The other factor that was very important in my eyes, was the lack of Golden and Silver age dealers so far this year at the recent cons. Wondercon had them all covered–and that might be a understatement. They had every dealer you could think of and maybe ten times more. I really believe that a culture of a con and its history is based on how many segments of the genre supports the con. When it comes to vintage back-issues, we’re talking about the smallest percent of the buyers, who, all the same who spend more than every other buying group combined. Wondercon was a great shopping experience, no matter what was on your must have list.
The attending fans were generally a very upbeat bunch. Things were well managed and there were very few times when lines became extremely long. Though word is Friday was a mad house and some lines went on forever. There were really no sell-outs so all the fans were able to get their goodies before any flippers came in and bought out the good stuff. But more importantly they all had bags and that’s always a great sign.
Now here is the biggest gauge of a con–the appearance of a certain group– that maybe 1 % of the public knows about and actually knows who they are. That is the on-line dealers, who often prowl the cons for cool product to bring back to their customers. The biggest buyer and sellers online were all at this show. When I do my prepping for the con and see these folks are attending, I know something special is going to happen. Boy, was Wondercon special–comics like Boom’s “The Regular Show preview”, DC comics’ New 52 Batman #17 diecut exclusive, and the Justice League #1 exclusive, seemed to be the hit of the show and of course all ready hitting high prices online. This happens about 5 times a year when all the big boys hit a con–and this was the first time in a while they gathered together at Wondercon.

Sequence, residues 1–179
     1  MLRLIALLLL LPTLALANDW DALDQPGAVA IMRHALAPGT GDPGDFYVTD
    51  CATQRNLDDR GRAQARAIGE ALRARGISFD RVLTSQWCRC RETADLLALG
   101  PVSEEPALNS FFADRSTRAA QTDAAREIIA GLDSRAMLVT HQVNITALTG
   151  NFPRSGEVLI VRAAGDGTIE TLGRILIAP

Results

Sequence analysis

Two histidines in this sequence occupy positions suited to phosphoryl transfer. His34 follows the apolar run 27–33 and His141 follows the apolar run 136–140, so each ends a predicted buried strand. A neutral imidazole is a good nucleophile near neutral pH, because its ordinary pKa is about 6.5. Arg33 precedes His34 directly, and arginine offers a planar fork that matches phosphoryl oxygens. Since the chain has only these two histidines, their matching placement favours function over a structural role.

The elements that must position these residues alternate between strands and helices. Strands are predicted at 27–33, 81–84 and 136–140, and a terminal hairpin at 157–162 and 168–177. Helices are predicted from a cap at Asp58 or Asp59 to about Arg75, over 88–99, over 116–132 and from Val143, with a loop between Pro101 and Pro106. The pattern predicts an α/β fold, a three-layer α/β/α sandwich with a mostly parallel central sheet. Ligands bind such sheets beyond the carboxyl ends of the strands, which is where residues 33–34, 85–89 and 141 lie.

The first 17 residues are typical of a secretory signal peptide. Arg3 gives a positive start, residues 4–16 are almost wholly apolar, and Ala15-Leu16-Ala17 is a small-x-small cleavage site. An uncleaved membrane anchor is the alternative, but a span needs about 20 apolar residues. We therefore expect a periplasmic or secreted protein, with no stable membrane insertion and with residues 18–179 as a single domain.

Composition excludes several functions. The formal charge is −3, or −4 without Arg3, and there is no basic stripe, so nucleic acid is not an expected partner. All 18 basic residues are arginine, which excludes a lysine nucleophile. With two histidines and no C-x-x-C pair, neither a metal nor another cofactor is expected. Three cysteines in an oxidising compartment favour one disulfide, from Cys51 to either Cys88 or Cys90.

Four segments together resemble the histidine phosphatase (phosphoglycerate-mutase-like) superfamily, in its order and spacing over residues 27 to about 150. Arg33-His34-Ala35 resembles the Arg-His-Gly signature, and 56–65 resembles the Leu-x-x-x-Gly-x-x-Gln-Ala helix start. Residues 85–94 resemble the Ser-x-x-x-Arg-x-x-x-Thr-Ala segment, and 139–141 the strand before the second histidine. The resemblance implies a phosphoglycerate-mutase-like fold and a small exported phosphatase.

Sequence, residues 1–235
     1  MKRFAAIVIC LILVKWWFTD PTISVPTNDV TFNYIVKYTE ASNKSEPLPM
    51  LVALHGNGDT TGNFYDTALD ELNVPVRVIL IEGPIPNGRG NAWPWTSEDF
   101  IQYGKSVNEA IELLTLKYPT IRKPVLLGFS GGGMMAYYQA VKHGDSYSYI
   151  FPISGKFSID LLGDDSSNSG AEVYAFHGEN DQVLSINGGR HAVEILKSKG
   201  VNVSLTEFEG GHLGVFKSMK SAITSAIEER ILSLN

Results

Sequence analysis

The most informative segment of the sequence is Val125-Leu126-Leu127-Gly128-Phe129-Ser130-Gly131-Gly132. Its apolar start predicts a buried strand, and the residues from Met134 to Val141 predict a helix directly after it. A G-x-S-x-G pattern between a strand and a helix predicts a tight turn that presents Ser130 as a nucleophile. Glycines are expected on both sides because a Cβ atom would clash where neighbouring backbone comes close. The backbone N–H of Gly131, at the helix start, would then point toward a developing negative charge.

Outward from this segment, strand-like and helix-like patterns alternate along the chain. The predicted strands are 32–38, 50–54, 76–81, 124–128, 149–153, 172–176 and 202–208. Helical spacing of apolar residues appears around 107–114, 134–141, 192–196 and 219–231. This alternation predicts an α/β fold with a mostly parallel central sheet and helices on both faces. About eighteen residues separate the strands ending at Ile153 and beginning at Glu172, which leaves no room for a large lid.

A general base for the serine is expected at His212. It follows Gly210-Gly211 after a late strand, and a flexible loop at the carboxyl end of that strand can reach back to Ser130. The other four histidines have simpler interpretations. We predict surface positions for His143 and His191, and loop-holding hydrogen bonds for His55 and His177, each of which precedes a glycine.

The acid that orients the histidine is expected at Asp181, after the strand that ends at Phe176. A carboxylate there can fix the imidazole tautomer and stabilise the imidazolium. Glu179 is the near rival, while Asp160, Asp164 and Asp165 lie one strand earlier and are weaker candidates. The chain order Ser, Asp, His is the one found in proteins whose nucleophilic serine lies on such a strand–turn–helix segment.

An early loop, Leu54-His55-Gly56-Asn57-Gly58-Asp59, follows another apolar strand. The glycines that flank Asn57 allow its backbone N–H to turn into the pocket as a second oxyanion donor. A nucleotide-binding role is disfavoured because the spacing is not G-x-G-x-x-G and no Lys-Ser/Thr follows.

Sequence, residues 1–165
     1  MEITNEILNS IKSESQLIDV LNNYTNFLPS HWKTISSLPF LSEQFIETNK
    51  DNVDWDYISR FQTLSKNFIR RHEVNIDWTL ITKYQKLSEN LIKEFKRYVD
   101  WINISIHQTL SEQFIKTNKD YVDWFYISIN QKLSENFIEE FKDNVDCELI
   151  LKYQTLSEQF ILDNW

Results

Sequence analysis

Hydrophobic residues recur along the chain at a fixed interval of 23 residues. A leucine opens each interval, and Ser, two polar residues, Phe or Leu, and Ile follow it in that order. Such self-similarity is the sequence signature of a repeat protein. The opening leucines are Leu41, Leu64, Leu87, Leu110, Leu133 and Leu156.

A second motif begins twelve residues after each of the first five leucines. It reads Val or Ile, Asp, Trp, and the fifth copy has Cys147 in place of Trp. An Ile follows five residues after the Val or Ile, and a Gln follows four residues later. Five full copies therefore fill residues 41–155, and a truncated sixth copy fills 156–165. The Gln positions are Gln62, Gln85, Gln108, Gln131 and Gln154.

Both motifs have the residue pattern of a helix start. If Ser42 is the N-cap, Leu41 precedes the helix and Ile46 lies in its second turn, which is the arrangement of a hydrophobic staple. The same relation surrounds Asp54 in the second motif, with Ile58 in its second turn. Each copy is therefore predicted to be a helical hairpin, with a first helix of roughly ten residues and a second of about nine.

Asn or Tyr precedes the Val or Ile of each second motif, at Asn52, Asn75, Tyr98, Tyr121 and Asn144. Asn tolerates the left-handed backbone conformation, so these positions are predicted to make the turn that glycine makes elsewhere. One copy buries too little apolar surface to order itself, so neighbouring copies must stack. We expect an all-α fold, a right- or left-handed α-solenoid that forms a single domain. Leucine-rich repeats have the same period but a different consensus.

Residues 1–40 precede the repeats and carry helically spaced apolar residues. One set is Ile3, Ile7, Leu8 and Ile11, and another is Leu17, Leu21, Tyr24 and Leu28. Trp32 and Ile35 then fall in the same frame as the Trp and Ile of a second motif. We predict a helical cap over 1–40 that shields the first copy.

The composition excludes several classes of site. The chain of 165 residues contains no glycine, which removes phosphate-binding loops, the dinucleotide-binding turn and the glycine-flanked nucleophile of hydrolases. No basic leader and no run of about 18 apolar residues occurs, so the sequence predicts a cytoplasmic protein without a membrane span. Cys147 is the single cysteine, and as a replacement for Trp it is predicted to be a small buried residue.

Overall, I had a blast. I did have a little stall at check-in for my badge. However the team easily fixed the issue and sent me onto the floor. I was very surprised how many people just looked happy at the show. I know that sounds very generic, but keep in mind I have been to over 50 cons in the last 18 months. So I have a keen sense of the mood of the mob.
So every con I ask myself a simple question. Did the con get bigger and did it get better? Wondercon did both and to an extremely high level. I really hope that this sets the standard for the other cons the rest of the year. Happy Venders and Joyful Publishers is a good thing and fans going home with a great stack of comics helps as well.
Finally, Wondercon has a great opportunity to be the top Con of the year. It all comes down to how they use social networking to communicate to their fans the rest of the year till 2014. If they can do that then I might have to break my streak of my favorite con for 10 years straight and hand over the reins to Wondercon.
Thank you to the staff at Wondercon for having me out this year.